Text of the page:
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RE: slight update to draft-macdonald-antispam-registry

2011-05-11 18:22:47

-----Original Message-----
From: owner-ietf-smtp(_at_)mail(_dot_)imc(_dot_)org [mailto:owner-ietf-
smtp(_at_)mail(_dot_)imc(_dot_)org] On Behalf Of John C Klensin
Sent: Wednesday, May 11, 2011 6:16 PM
To: John Levine; ietf-smtp(_at_)imc(_dot_)org
Subject: Re: slight update to draft-macdonald-antispam-registry

--On Wednesday, May 11, 2011 20:36 +0000 John Levine
<johnl(_at_)taugh(_dot_)com> wrote:

But, as far as "harm" goes, non-delivery of messages that
should have been delivered and instead vanished without a
trace is, for me, qualitatively worse than any quantity of

With a sufficient quantity of spam in your mailbox, you can't
even find the real mail so it might as well not have been
delivered.  BTDT.


This may be just a difference in perspective, but I see
tradeoffs between my risk tolerance for losing messages and my
desire to avoid having my mailbox filled with noise.  If I get
the virtual knob turned all the way to one side, I lose all of
the messages that might possibly be spam, i.e., all of the
messages unless I accept only signed messages from people whose
ability to manage keys I trust.  If it turn it too far the other
way, I will have a lot of trouble finding real messages because
of the spam.  My choice, my problem.  And I assume that you
wouldn't try to deny me  (or Keith) the right to make tradeoff
decisions even if you think they are stupid (or that my concern
about lost messages is excessive).

Reality check - It is NOT all about you... and I'm saying this as
someone who has primarily worked in the mail space for organizations
that are "sender side". Mailbox providers of whatever size or stripe
will make the decisions on handling mail that work for them (I have been
waiting for Mr. Levine to invoke King Canute). Individuals in most parts
of the world have a choice of mailbox providers. If a provider is
dropping what endusers perceive as legitimate email on a somewhat
consistent basis I would expect the endusers to find another provider or
raise a fuss. What each individual user chooses to do with mail directed
to them and reaching their individual control is their personal

We hit a disconnect (I think), only when you (or others)
encourage some mail providers to reject or, worse, drop, my
legitimate mail (for the purposes of this discussion, assume
non-commercial, small number of recipients, and desired/
expected by the proposed recipient) because the sender did not
meet some semi-arbitrary criterion established by that provider
and not under the control of either the sender or (especially)
the intended recipient.

What you consider legitimate someone else may consider to be problematic
or abusive. As I indicated above, individuals have a plethora of choices
when it comes to mailboxes and many of those choices are free.

My definition of "semi-arbitrary" perhaps also differs from
yours.  I would include in that category any rule that depends
on heuristics (which, by definition, will fail sometimes) and
any classification system that is not clearly identified and
against which the intended recipient of the message does not
have practice and effective recourse if the owners of the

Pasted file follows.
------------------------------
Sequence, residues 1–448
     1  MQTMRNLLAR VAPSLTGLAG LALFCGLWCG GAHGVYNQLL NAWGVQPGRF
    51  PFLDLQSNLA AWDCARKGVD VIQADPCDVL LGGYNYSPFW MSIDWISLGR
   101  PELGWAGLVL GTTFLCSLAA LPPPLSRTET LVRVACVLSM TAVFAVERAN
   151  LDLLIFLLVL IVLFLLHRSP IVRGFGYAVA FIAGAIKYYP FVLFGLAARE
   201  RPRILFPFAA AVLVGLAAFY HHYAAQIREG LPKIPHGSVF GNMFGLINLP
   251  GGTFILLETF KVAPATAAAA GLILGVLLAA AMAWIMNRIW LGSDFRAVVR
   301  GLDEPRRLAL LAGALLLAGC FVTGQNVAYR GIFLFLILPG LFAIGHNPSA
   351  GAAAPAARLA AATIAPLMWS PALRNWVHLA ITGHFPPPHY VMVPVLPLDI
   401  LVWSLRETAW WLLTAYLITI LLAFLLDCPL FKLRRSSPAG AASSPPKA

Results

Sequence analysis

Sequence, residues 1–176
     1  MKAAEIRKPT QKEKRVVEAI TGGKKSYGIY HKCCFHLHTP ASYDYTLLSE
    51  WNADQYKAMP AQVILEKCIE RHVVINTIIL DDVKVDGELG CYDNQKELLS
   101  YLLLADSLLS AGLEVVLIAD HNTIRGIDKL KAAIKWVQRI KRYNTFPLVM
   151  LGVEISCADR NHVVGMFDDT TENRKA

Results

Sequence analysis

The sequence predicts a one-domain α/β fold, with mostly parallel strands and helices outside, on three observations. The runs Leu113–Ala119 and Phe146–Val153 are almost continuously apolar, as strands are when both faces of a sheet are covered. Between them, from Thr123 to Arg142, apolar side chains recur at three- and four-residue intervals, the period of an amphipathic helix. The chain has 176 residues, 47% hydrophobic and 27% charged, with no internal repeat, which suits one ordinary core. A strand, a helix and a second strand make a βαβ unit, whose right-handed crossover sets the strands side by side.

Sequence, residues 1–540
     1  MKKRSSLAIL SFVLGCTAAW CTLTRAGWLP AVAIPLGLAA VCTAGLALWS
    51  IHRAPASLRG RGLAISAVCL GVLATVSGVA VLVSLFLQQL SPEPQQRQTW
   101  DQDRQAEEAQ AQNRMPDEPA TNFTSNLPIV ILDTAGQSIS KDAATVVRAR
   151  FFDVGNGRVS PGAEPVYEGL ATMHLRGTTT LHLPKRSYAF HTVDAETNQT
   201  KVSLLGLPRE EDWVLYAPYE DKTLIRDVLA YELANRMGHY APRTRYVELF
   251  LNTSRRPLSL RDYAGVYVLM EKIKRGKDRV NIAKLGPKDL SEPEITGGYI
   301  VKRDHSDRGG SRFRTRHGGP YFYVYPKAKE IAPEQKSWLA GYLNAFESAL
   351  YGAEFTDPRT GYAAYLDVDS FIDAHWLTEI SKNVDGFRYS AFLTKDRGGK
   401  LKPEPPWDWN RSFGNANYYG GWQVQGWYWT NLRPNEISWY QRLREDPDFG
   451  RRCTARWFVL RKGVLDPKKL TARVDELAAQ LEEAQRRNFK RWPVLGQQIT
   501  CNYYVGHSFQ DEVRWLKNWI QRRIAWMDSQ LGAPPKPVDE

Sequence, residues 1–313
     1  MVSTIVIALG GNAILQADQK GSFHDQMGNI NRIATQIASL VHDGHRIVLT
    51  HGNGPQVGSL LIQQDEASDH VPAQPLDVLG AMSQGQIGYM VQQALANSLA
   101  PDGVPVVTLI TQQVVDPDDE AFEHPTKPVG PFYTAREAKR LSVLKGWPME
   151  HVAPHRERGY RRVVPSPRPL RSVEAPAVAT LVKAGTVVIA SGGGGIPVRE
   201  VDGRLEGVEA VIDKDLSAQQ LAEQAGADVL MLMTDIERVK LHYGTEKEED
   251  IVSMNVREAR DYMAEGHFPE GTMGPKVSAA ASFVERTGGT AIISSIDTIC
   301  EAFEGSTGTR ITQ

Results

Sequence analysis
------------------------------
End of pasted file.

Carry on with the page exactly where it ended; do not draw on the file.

classification system get things wrong.

I may be wrong, but I don't think either Keith or I are saying
"don't use blacklists in your systems".  Keith, I think, comes
closer than I do.   For all you know, I might even be using
blacklists as part of a scoring system (and I'm not telling).
What I think we are saying is:

      (i) Don't force me to use blacklists or otherwise force
      them on me or my mail.

If it is going to their system then it is their choice. I recognize this
as a sender (for various domains that range from small amounts of mail
to large amounts of mail) and have very rarely encountered problems from
arbitrary mailbox provider behavior. When it has happened my experience
has been that the mailbox provider is interested in addressing the
issue. This is of course provided that they are not receiving complaints
from their enduser base about that mail.

      (ii) If someone does use a blacklist and legitimate mail
      is dropped, both the list compiler and the party who
      decided to use that particular list and how should be
      easily identified and accountable.

Held accountable by whom? You as an emitter of mail? Perhaps we should
implement public floggings? You could of course refuse to send mail to
that system and try to get others to join you in the hopes that the
offensive behavior will be modified.

I don't see blacklists as being special in that regard.  YOu
could substitute any technique for preventing some messages from
showing up in my primary inbox for "blacklist" in the above two
comments and I would almost certainly still agree.

Mailbox providers will do what mailbox providers choose to do. There are
things I can control (what I do as an emitter of mail) and some things I
can't control (what receivers choose to implement). 

The reality is that there are large numbers of mail emitters
figuratively and in reality knocking on the doors of postmaster teams
trying to get their mail accepted because "they are nice people" or
"people really really want my mail". The reality is that most senders
believe their mail to be much more important than the intended
recipients perceive it. 


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